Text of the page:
US electric washing machine sales reached 913,000 units in 1928. However, high unemployment rates in the Depression years hit sales; by 1932 the number of units shipped was down to about 600,000.
The first laundromat opened in Fort Worth, Texas in 1934. It was run by Andrew Clein. Patrons used coin-in-the-slot facilities to rent washing machines. The term laundromat can be found in newspapers as early as 1884 and they were widespread during the depression. It is almost impossible to determine who had the "first" laundromat. England established public "wash rooms" for laundry along with bath houses throughout the nineteenth century.
Washer design improved during the 1930s; the mechanism was now enclosed within a cabinet; more attention was paid to electrical safety; spin dryers were introduced, to replace the dangerous power wringers of the day.
Early automatic washing machines were usually connected to the water supply via temporary slip-on connectors to the sink taps. Later, permanent connections to both the hot and cold water supplies became the norm. Most modern front-loading European machines now only have a cold water connection (i.e. cold fill) and rely completely on electric heaters to raise the water temperature.
By 1940, 60% of the 25,000,000 wired homes in the United States had an electric washing machine. Many of these machines featured a power wringer, although built-in spin dryers were not uncommon.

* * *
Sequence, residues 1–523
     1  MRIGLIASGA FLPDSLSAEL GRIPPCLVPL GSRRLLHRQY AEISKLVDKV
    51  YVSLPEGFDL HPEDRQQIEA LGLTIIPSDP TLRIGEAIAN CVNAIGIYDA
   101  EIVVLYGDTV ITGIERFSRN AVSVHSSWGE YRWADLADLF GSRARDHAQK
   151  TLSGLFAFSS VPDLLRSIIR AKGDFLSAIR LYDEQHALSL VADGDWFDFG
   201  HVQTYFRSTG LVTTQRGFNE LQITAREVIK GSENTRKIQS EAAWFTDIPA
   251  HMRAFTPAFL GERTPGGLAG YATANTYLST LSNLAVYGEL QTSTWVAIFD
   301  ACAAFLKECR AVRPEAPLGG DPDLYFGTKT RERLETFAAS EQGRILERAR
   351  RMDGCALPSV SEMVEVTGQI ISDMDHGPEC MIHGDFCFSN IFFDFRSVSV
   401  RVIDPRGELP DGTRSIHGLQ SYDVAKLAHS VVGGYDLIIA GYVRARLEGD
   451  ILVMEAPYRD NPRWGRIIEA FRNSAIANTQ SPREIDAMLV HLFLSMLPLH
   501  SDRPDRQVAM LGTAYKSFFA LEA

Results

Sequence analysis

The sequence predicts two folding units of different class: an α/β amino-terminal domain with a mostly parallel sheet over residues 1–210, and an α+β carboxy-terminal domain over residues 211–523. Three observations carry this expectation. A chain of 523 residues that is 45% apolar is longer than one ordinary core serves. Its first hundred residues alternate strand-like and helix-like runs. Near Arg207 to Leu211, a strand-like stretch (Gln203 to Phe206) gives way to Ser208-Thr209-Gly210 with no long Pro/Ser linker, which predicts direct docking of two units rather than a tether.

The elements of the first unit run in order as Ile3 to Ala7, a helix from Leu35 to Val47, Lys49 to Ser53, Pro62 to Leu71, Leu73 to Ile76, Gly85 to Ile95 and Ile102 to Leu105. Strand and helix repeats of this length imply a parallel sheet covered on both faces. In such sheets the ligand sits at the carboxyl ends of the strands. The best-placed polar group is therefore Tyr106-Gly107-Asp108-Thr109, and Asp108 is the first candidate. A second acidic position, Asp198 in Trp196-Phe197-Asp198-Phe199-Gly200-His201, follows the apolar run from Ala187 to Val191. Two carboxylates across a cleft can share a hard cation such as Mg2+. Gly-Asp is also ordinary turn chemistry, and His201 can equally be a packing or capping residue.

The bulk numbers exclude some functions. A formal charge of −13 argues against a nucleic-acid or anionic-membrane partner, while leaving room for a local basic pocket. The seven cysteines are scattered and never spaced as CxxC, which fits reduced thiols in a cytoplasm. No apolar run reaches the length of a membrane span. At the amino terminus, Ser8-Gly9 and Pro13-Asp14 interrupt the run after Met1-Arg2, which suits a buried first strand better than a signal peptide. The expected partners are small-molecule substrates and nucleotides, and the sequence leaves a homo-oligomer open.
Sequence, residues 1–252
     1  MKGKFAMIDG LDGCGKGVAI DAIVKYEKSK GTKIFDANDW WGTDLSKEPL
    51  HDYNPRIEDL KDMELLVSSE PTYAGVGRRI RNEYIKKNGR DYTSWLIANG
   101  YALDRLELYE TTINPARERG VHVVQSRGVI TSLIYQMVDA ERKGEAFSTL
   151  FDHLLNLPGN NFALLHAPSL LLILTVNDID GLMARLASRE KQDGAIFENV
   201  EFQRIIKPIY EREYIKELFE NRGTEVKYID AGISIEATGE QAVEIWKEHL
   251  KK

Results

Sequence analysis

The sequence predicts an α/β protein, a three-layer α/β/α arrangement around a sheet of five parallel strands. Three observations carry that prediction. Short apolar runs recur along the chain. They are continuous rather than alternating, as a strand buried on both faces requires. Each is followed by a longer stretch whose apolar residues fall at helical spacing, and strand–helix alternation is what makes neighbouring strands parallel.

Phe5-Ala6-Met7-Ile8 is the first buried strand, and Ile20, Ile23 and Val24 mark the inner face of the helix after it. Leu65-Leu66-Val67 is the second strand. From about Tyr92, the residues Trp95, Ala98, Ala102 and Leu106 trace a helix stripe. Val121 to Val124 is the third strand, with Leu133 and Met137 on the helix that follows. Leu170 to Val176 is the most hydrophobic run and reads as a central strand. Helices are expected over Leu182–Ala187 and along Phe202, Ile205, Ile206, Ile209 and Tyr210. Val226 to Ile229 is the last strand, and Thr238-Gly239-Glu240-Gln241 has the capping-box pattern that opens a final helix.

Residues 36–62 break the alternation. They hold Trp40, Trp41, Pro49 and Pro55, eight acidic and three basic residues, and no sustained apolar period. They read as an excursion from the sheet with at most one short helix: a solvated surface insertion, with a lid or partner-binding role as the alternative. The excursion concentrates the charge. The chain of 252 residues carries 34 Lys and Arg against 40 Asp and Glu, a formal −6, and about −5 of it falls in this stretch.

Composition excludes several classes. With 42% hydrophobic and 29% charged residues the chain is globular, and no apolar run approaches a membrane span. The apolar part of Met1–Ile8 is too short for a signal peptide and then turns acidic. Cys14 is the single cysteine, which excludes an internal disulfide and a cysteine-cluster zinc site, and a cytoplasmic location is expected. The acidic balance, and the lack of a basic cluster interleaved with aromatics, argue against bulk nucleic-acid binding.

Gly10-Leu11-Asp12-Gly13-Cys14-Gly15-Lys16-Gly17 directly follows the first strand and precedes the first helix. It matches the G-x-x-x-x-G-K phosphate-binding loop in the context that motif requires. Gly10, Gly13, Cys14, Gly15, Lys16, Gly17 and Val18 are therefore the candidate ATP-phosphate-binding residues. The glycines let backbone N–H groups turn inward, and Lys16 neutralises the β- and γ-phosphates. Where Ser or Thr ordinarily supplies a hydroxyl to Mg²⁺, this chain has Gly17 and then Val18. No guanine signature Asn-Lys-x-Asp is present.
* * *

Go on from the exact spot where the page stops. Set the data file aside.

Bendix introduced the first automatic washing machine in 1937, having applied for a patent in the same year. In appearance and mechanical detail, this first machine is not unlike the front loading automatic washers produced today. Although it included many of the today's basic features, the machine lacked any drum suspension and therefore had to be anchored to the floor to prevent "walking".
Many of these early automatic machines had coin-in-the-slot facilities and were installed in the basement laundry rooms of apartment houses. After the attack on Pearl Harbor, US domestic washer production had to be suspended for the duration of World War II. However, many US appliance manufacturers were given permission to undertake the research and development of washers during the war years. Many took the opportunity to develop automatic machines, realising that these represented the future for the industry.